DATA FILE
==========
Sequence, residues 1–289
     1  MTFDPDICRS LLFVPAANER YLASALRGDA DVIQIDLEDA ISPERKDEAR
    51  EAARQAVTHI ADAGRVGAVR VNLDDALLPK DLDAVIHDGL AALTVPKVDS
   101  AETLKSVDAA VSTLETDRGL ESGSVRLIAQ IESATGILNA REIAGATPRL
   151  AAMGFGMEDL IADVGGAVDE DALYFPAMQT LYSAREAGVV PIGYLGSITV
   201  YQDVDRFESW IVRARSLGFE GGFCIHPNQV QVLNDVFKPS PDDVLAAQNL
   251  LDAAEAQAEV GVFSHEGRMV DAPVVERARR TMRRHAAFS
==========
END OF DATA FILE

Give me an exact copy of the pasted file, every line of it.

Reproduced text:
Sequence, residues 1–289
     1  MTFDPDICRS LLFVPAANER YLASALRGDA DVIQIDLEDA ISPERKDEAR
    51  EAARQAVTHI ADAGRVGAVR VNLDDALLPK DLDAVIHDGL AALTVPKVDS
   101  AETLKSVDAA VSTLETDRGL ESGSVRLIAQ IESATGILNA REIAGATPRL
   151  AAMGFGMEDL IADVGGAVDE DALYFPAMQT LYSAREAGVV PIGYLGSITV
   201  YQDVDRFESW IVRARSLGFE GGFCIHPNQV QVLNDVFKPS PDDVLAAQNL
   251  LDAAEAQAEV GVFSHEGRMV DAPVVERARR TMRRHAAFS